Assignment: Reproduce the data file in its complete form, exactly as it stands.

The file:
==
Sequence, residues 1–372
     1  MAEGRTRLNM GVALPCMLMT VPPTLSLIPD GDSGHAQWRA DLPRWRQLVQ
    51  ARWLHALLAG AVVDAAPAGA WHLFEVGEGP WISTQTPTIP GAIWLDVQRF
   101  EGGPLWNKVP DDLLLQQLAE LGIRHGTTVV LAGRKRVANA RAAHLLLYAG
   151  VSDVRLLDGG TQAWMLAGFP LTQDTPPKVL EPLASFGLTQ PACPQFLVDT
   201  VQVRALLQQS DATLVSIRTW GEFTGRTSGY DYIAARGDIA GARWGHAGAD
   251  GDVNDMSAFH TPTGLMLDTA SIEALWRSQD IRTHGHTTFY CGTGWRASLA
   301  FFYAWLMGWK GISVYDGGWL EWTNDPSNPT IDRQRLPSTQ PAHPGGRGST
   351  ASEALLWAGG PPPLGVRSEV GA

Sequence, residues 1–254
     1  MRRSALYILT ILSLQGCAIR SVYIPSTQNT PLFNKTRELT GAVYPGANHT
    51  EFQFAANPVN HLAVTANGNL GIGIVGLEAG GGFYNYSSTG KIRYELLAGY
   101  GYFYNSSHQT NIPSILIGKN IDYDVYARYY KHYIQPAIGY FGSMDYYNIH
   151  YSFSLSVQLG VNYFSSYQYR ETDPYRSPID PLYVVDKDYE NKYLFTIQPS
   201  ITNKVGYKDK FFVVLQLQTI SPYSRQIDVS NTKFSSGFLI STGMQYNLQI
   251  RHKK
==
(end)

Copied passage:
Sequence, residues 1–372
     1  MAEGRTRLNM GVALPCMLMT VPPTLSLIPD GDSGHAQWRA DLPRWRQLVQ
    51  ARWLHALLAG AVVDAAPAGA WHLFEVGEGP WISTQTPTIP GAIWLDVQRF
   101  EGGPLWNKVP DDLLLQQLAE LGIRHGTTVV LAGRKRVANA RAAHLLLYAG
   151  VSDVRLLDGG TQAWMLAGFP LTQDTPPKVL EPLASFGLTQ PACPQFLVDT
   201  VQVRALLQQS DATLVSIRTW GEFTGRTSGY DYIAARGDIA GARWGHAGAD
   251  GDVNDMSAFH TPTGLMLDTA SIEALWRSQD IRTHGHTTFY CGTGWRASLA
   301  FFYAWLMGWK GISVYDGGWL EWTNDPSNPT IDRQRLPSTQ PAHPGGRGST
   351  ASEALLWAGG PPPLGVRSEV GA

Sequence, residues 1–254
     1  MRRSALYILT ILSLQGCAIR SVYIPSTQNT PLFNKTRELT GAVYPGANHT
    51  EFQFAANPVN HLAVTANGNL GIGIVGLEAG GGFYNYSSTG KIRYELLAGY
   101  GYFYNSSHQT NIPSILIGKN IDYDVYARYY KHYIQPAIGY FGSMDYYNIH
   151  YSFSLSVQLG VNYFSSYQYR ETDPYRSPID PLYVVDKDYE NKYLFTIQPS
   201  ITNKVGYKDK FFVVLQLQTI SPYSRQIDVS NTKFSSGFLI STGMQYNLQI
   251  RHKK